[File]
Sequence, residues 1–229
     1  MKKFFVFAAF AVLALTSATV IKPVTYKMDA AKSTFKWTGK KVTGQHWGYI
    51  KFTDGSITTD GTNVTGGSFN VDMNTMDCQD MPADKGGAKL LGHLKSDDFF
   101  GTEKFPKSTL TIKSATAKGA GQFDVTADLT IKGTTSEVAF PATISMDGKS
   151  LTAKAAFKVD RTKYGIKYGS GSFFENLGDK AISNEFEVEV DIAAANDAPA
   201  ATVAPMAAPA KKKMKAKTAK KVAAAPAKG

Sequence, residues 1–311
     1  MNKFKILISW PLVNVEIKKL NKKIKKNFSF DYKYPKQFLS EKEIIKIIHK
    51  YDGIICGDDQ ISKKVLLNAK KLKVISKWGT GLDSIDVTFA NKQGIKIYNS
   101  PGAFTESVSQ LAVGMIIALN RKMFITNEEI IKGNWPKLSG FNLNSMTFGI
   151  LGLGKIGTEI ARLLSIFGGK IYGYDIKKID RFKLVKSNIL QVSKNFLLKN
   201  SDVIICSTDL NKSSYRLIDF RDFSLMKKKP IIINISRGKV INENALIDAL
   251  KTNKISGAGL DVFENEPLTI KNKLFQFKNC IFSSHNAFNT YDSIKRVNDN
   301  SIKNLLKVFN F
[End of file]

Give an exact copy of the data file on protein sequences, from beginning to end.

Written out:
Sequence, residues 1–229
     1  MKKFFVFAAF AVLALTSATV IKPVTYKMDA AKSTFKWTGK KVTGQHWGYI
    51  KFTDGSITTD GTNVTGGSFN VDMNTMDCQD MPADKGGAKL LGHLKSDDFF
   101  GTEKFPKSTL TIKSATAKGA GQFDVTADLT IKGTTSEVAF PATISMDGKS
   151  LTAKAAFKVD RTKYGIKYGS GSFFENLGDK AISNEFEVEV DIAAANDAPA
   201  ATVAPMAAPA KKKMKAKTAK KVAAAPAKG

Sequence, residues 1–311
     1  MNKFKILISW PLVNVEIKKL NKKIKKNFSF DYKYPKQFLS EKEIIKIIHK
    51  YDGIICGDDQ ISKKVLLNAK KLKVISKWGT GLDSIDVTFA NKQGIKIYNS
   101  PGAFTESVSQ LAVGMIIALN RKMFITNEEI IKGNWPKLSG FNLNSMTFGI
   151  LGLGKIGTEI ARLLSIFGGK IYGYDIKKID RFKLVKSNIL QVSKNFLLKN
   201  SDVIICSTDL NKSSYRLIDF RDFSLMKKKP IIINISRGKV INENALIDAL
   251  KTNKISGAGL DVFENEPLTI KNKLFQFKNC IFSSHNAFNT YDSIKRVNDN
   301  SIKNLLKVFN F